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Knitr is a engine having in mind dynamic report generation with R, a statistics-oriented programming language. This article explains how to add R code to your LaTeX document to generate a dynamic output.

In a standard LaTeX distribution you must have R set up in your operating system and run some special commands to compile it. ShareLaTeX can save you the trouble, knitr works out of the box.

Contents

[edit] Introduction

Documents that contain R code must be saved with the extension .Rtex, otherwise the code won't work. Let's see an example:

\documentclass{article}
\usepackage[utf8]{inputenc}
\usepackage[english]{babel}
 
\begin{document}
You can type R commands in your \LaTeX{} document and they will be properly run and the output printed in the document.
 
<<>>=
# Create a sequence of numbers
X = 2:10
 
# Display basic statistical measures
summary(X)
 
@
\end{document}

KnitrEx1.png

As you see, the text in between the characters <<>>= and @ is R code, this code and its output is printed in a listing-like format.

This chunk of code can take some extra parameters to customize the dynamic output. See the next section.

  Open an example of the knitr package in ShareLaTeX

[edit] Chunks of code

A code block as the one presented in the previous section is usually called a chunk. You can set some extra options in knitr chunks. See the example below:

You can type R commands in your \LaTeX{} document and they will be properly run and the output printed in the document.
 
<<echo=FALSE, cache=TRUE>>=
# Create a sequence of numbers
X = 2:10
 
# Display basic statistical measures
summary(X)
 
@

KnitrEx2.png

There are three additional options passed inside << and >>.

echo=FALSE
This hides the code and only prints the output generated by R.
cache=TRUE
If cache is set to true the chunk is not run, only the objects generated by it. This saves time if the data in that chunk haven't changed.

See the reference guide for more options.

  Open an example of the knitr package in ShareLaTeX

[edit] Inline commands

It is possible to access objects generated in a chunk and print them in-line.

You can type R commands in your \LaTeX{} document and they will be 
properly run and the output printed in the document.
 
<<echo=FALSE, cache=TRUE>>=
# Create a sequence of numbers
X = 2:10
 
# Display basic statistical measures
summary(X)
 
@
 
So, the mean of the data is $\Sexpr{mean(X)}$

KnitrEx3.png

The command \Sexpr{mean(X)} prints the output returned by the R code mean(X). Inside the braces any R command can be passed.

  Open an example of the knitr package in ShareLaTeX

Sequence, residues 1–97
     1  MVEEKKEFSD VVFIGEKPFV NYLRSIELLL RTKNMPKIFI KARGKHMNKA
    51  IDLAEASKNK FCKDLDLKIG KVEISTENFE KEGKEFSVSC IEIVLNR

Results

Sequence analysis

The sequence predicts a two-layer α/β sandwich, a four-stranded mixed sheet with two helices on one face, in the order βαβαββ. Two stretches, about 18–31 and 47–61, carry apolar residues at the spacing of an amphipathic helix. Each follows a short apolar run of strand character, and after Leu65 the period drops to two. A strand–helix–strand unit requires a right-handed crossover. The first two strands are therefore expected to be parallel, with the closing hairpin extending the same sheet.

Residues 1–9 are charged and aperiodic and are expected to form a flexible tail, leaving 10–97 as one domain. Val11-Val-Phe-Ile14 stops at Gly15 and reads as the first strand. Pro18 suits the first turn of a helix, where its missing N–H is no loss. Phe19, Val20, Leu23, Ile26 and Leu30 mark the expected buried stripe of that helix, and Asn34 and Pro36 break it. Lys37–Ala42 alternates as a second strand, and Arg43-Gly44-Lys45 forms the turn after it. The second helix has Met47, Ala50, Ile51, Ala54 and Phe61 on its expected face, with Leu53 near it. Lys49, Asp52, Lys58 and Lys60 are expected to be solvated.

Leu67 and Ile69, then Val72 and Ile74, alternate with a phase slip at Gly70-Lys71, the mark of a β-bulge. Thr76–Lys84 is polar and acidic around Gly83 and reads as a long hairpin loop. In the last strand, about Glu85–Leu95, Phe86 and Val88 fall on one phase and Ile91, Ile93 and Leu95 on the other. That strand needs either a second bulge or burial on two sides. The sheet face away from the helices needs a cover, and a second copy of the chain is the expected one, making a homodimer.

[edit] Plots

Plots can also be added to a knitr document. See the next example

<<plot1, fig.pos="t", fig.height=4, fig.width=4, fig.cap="First plot">>=
 
xdata = read.csv(file="data.txt", head=TRUE,sep=" ")
 
hist(xdata$data, main="ShareLaTeX histogram", xlab="Data")
 
@
 
The figure \ref{fig:plot1} is simple histogram.

KnitrEx4.png

This histogram uses data stored in "data.txt", saved in the current working directory. A few figure-related options are passed to the chunk.

plot1
This is the label used to reference the plot. The prefix "fig:" is mandatory. You can see in the example that the figure is referenced with \ref{fig:plot1}.
fig.pos="t"
Positioning parameter. This is the same used in the figure environment.
fig.height=4, fig.width=4
Figure width and height
fig.cap="First plot"
Caption for the figure.

  Open an example of the knitr package in ShareLaTeX

[edit] External R scripts

You can import parts of an external R script into a knitr document. This is very helpful since is fairly common to write and debug the script in an external program prior to including it in your document. Let's see an example, suppose you need the next file to be included in you latex document:

## ---- myrcode1
# Create a sequence of numbers
 X = 2:10
 
## ---- myrcode2
# Display basic statistical measures
summary(X)

Notice the lines

## ---- myrcode1

These mark the beginning of a chunk of code and are mandatory if you want to use this script in your document.


The chunk below will not be printed
 
<<echo=FALSE, cache=FALSE>>=
read_chunk("mycode.R")
@
 
The code must show up here
 
<<myrcode2>>=
 
@

KnitrEx5.png


The first chunk is not printed, is only used to import the script with the command read_chunk("mycoder.R"), that's why the option echo=FALSE is set. Also, scripts mus not be cached. Once the script is imported, you can print a chunk using the label you set after ## ----. In this case it's myrcode2

  Open an example of the knitr package in ShareLaTeX

[edit] Reference guide

Some chunk options

  • results. Changes the behaviour of the results generated by the R code, possible values are
    • markup Use LaTeX for format the output.
    • asis Prints raw results from R.
    • hold Holds the output results and to push them at the end of the chunk.
    • hide Hide results.
  • echo. Whether to include the R source code. Can take other parameters, echo=2:3 prints only the second and third lines; echo=-2:-3 excludes the second and third lines only.
  • cache. Whether to cache the code chunk. Possible values are TRUE and FALSE
  • highlight. Whether to highlight the source code. Possible values are TRUE and FALSE
  • background. Background colour of the chunk, rgb and HTML formats can be used, the default value is "#F7F7F7".

[edit] Further reading

For more information see